Board members who are asked by constituents how the LCRA is protecting water sources should say the agency is on top of security and that “we are appropriately protecting the facilities that need to be protected,” Beal said. “That’s all you need to say. I wouldn’t say anything else.”

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2001 In Fact News, Inc. All rights reserved.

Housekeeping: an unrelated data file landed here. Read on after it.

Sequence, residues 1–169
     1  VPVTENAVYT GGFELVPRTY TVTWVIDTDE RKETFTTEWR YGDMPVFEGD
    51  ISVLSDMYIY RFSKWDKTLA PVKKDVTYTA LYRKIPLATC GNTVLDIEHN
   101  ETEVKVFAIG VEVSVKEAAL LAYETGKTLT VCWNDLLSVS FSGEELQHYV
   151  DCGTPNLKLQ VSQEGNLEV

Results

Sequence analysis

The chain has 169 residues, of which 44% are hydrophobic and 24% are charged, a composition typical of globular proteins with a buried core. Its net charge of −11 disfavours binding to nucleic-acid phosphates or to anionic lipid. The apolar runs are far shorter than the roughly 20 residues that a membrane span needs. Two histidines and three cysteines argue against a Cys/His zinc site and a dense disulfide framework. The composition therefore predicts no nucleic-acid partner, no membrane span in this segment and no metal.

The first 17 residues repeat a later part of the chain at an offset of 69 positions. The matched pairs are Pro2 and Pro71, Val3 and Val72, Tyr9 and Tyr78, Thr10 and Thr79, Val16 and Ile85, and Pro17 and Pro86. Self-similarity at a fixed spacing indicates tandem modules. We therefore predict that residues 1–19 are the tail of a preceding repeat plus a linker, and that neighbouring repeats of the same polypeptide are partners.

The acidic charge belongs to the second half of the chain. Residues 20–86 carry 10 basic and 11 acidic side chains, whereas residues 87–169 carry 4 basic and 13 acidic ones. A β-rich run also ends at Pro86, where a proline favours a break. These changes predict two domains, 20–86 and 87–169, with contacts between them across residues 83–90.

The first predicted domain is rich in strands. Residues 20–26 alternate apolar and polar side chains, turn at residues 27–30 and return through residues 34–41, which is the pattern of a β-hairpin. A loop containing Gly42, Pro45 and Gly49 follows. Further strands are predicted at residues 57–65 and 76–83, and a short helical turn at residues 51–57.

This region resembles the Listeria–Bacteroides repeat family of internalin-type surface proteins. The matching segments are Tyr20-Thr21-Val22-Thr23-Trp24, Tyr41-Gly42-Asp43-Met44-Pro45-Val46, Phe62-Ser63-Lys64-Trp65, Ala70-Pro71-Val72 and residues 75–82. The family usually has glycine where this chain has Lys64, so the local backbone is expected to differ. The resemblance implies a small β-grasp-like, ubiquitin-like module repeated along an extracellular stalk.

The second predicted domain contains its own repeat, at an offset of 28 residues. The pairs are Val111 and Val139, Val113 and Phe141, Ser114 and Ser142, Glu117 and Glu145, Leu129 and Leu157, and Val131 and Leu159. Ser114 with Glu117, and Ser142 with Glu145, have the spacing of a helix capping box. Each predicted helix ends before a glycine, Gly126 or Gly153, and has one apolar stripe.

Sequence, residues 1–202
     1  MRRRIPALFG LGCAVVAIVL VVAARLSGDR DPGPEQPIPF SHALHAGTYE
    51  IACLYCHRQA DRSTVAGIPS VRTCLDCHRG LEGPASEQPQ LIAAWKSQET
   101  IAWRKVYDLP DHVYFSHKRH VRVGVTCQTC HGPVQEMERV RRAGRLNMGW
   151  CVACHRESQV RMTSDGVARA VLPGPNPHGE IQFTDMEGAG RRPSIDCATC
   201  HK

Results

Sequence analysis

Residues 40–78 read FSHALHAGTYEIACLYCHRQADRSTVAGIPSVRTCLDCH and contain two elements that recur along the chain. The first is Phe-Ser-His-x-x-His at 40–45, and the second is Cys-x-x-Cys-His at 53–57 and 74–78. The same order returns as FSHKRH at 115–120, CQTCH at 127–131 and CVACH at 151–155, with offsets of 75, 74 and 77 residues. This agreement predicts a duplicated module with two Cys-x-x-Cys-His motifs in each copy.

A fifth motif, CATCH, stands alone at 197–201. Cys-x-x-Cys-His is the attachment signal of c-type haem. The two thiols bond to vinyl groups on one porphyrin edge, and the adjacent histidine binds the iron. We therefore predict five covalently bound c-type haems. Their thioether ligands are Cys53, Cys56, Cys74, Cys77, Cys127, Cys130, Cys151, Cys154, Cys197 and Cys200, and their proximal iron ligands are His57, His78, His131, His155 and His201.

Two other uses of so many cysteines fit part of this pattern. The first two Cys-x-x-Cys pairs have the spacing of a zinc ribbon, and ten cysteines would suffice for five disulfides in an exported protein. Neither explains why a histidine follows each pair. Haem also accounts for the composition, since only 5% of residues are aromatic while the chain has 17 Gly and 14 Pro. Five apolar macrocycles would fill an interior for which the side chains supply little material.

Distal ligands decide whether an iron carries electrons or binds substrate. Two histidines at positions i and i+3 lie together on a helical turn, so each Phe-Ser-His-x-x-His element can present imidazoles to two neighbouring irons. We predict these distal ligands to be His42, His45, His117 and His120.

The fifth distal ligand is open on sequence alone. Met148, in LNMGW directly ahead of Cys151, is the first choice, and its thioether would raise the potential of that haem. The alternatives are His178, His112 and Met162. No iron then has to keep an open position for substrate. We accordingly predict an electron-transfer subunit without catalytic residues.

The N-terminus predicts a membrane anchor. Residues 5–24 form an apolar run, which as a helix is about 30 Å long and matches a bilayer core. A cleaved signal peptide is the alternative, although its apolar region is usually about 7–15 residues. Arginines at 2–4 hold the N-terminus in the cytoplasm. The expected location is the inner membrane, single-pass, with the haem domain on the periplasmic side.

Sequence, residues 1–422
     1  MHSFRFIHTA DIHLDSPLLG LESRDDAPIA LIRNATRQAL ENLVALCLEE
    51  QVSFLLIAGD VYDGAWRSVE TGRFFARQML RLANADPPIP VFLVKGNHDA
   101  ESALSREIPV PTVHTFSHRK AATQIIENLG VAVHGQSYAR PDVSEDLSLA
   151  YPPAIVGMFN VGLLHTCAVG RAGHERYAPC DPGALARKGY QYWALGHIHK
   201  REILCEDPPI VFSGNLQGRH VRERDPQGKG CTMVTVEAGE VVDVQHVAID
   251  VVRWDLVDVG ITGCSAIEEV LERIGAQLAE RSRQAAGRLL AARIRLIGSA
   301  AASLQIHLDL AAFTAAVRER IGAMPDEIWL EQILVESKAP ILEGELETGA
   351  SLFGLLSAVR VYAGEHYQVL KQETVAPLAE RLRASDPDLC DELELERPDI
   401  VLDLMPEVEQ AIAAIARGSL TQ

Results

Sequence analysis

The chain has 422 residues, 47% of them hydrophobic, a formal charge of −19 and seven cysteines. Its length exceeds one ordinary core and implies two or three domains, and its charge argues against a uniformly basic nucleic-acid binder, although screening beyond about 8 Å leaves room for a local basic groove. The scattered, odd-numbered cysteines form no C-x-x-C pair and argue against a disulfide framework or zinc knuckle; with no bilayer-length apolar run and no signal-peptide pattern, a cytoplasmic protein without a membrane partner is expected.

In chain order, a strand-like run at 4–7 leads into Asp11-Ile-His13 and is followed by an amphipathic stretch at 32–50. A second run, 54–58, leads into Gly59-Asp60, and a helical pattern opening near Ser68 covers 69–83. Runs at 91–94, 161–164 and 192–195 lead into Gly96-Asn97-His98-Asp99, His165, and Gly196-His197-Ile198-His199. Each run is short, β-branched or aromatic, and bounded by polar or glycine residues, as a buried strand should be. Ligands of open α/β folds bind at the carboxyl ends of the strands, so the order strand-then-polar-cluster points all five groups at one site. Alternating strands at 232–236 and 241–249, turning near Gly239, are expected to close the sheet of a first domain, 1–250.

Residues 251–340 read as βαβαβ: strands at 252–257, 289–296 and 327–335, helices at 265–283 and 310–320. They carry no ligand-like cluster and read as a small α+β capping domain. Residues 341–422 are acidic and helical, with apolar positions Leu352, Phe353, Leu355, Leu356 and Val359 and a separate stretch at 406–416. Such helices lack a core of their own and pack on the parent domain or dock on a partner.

New TMC revealed . . . City Council Members and Austin transportation officials showed off the improved Traffic Management Center on Toomey Road near Lamar on Tuesday. In the 1998 bond election, voters approved money for a new system to synchronize traffic lights and monitor traffic flow. Mayor Watson praised several city staffers for helping to bring the new system on-line, including Transportation, Planning and Sustainability Department Director Austan Librach, Public Works Department Director Peter Rieck and Sue Brubaker with the purchasing division of the Finance Department. Watson also thanked Council Member Daryl Slusher for his dedication to the project and his enthusiasm for synchronizing traffic lights. “I used to joke that when you talk to Daryl Slusher, if you asked him ‘could you turn that light on?’ he would first ask you ‘are they synchronized?’ He took it very seriously,” Watson said . . . Loss expected at LCRA . . . The private sector is not alone in its money woes. The Lower Colorado River Authority is anticipating a net loss of $16 million this year, according to a report from the board’s finance and administration committee. The losses are tied to a one-time write-off for capital expenditures associated with bringing the new power plant at Lost Pines in Bastrop on-line. The losses will not require a rate increase for customers . . . Oops! . . . While admitting that life is uncertain, a spokesman for Mayor Pro Tem Jackie Goodman said Wednesday that she will be back for Thursday’s City Council meeting, even though she will not be there at 10am. In Fact Daily was in error quoting him as saying that there was a possibility that Goodman might miss the meeting altogether . . . Secret plan to elect a mayor?. . Alan Sager, chairman of the Travis County Republican Party, has written to Republican donors asking for funds for a get out the vote effort. The letter indicates that the party would be endorsing a mayoral candidate who “most fits our Republican views and we believe there will be at least one.” Sager told In Fact Daily yesterday that the party’s local issues committee had interviewed all eight candidates for mayor and would soon be making a choice. Sager said, however, that Republicans did not intend to send out a press release because they want to do their get out the vote effort “quietly.” He said the party is also supporting Travis County Bond Propositions 1, 3 and 4. He said Republicans are opposed to Proposition 2, which would provide $28.6 million to acquire parkland and build park facilities. Sager described Prop. 2 as “too much of a boondoggle (that) requires too much money down the line.” We think the lucky candidate might be the one who says he did volunteer work for the President, Greg Gordon . . . Celebrity block-walking. . . Former Mayor of San Antonio Henry Cisneros plans to help get out the vote for mayoral candidate Gus Garcia this Saturday. At 2 pm, Cisneros, Garcia and neighborhood leaders will begin walking door-to-door to remind residents of the Tillery Square area that absentee voting is in progress. At 2:30pm, the campaign will move to the HEB at 2701 East 7th St, an early voting location. Activities will conclude with a Get Out the Vote rally at Nuevo Leon Restaurant, 1501 E. 6th St. Early voting runs through Nov. 2 . . . SOS alerts members about possible road funds . . . The Save Our Springs Alliance yesterday sent an email to its members urging them to ask the Council to oppose a $27 million for right-of-way and “utility relocation” proposal for the Mopac North extension. This is the same item the Council had delayed two months ago at the request of Mopac neighbors. But some of those neighbors now support the funding. SOSA leader Bill Bunch argues that the Council should vote no or postpone consideration of the project until CAMPO has committed to preserve the neighborhoods along Mopac, as well as the environment. SOSA has also sent a newsletter to supporters urging them to vote against all of Travis County’s bond propositions.